The Pitch: Game of Thrones goes back to where it all began, mirroring the series’ first episode with a royal procession into the heart of Winterfell. With that reintroduction, the show is slowly but surely assembling almost all of its major characters in one place to prepare for battle against the White Walkers. But before that can happen, these strange bedfellows have to decide who to follow, who has the right to rule them (not to mention, the temperament), and who, if anyone, they’re willing to fight and die for.
Away from Winterfell, though, events are being set in motion as well. Cersei (Lena Headey) has officially gone back on her commitment to send her soldiers into the fray, a false promise that suckered Tyrion (on whom she puts a hit via Bronn), but which didn’t fool Sansa (who “studied under” Cersei long enough to know better). Instead, she secures Euron’s (Pilou Asbæk) warriors and the Iron Fleet to help her pick up the pieces of whatever’s left after the war against The Night King.
Meanwhile, the rest of the players are trending toward The North. Theon (Alfie Allen) rescues his sister from his uncle’s grasp (returning the favor after her attempt to rescue him from Ramsey), but plans to head to Winterfell to join the fight. And the likes of Edd (Ben Crompton), Tormund (Kristofer Hivju), and Beric Dondarrion (Richard Dormer) reconvene with a plan to make it to Jon Snow (Kit Harington) before the Wights do, but not before another throwback to the series premiere appears — a spiral of body parts, meant to warn us, and our heroes, of what’s to come.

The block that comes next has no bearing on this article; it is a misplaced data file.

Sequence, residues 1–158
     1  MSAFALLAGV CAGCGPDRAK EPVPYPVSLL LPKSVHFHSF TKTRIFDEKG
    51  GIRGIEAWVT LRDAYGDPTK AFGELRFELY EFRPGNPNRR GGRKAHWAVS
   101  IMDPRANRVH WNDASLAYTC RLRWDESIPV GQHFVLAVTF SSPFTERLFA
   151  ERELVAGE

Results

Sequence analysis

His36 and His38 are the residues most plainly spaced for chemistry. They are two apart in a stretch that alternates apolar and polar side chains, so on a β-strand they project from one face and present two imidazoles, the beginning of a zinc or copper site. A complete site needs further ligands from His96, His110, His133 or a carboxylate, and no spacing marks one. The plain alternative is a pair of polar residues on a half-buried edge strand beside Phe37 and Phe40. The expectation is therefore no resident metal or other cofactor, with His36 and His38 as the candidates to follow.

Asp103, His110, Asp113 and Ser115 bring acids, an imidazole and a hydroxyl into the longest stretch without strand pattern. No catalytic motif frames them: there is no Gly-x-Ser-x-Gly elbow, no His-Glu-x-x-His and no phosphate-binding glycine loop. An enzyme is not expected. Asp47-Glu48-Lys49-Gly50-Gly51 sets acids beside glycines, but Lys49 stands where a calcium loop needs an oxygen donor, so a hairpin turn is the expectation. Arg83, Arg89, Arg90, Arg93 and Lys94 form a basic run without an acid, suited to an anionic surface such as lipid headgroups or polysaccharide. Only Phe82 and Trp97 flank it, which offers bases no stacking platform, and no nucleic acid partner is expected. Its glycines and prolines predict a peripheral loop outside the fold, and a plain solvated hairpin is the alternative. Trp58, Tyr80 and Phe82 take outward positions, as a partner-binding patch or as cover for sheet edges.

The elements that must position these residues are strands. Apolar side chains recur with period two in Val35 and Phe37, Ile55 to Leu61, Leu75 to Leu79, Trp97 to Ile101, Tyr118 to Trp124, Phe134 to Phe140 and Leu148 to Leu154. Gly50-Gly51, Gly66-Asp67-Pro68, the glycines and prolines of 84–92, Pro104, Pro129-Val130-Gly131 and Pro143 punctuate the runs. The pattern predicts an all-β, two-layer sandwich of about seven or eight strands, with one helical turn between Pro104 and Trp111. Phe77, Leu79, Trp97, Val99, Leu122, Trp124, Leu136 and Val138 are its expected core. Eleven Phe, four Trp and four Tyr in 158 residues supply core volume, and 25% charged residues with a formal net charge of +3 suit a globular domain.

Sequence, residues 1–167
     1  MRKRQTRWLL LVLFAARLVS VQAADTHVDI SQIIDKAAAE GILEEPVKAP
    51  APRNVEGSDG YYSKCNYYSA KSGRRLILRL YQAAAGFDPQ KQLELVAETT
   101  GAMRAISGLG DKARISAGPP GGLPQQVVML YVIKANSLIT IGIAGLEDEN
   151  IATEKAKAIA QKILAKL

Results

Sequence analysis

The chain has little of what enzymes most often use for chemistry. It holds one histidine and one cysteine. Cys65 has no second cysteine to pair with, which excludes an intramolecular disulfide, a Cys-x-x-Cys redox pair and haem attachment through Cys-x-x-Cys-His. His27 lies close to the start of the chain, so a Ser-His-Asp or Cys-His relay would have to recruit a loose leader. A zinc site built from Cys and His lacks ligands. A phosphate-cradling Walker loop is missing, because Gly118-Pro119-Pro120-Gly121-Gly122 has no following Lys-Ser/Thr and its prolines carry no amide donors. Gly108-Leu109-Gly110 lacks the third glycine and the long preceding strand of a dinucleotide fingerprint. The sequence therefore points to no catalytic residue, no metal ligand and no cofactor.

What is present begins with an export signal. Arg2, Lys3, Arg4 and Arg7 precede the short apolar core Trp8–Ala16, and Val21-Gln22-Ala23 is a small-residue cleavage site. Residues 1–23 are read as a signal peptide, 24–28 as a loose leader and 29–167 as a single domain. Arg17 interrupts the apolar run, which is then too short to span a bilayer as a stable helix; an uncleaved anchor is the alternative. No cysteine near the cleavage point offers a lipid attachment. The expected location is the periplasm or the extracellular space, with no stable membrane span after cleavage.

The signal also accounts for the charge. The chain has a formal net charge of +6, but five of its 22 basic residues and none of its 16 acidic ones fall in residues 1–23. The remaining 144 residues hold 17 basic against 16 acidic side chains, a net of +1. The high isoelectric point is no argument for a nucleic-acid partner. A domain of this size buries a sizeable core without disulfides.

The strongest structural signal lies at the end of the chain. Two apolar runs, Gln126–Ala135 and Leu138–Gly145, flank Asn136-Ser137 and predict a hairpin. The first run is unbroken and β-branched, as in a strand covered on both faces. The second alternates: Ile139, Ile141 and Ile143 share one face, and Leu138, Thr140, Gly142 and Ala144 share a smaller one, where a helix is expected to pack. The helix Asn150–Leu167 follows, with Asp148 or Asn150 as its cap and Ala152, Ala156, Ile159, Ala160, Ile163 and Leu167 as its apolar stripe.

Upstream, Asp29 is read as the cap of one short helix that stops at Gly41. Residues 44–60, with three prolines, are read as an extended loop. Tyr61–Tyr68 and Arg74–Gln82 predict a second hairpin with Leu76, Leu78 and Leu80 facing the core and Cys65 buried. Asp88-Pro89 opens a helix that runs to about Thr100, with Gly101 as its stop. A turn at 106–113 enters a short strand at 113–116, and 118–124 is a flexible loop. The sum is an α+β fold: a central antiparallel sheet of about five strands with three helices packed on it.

Then Jon Sang “A Whole New World”: The season premiere spends plenty of time teasing the audience over how the Daenerys/Jon Snow romance might turn out. On the one hand, you have Ser Davos (Liam Cunningham) discussing the prospects of “proposal” between them, Sansa (Sophie Turner) perceiving that her brother loves his new queen, and Dany herself (Emilia Clarke) seeing a sign that her beau is worthy, when her dragon lets Jon mount him for a ride to somewhere they can flirt in peace.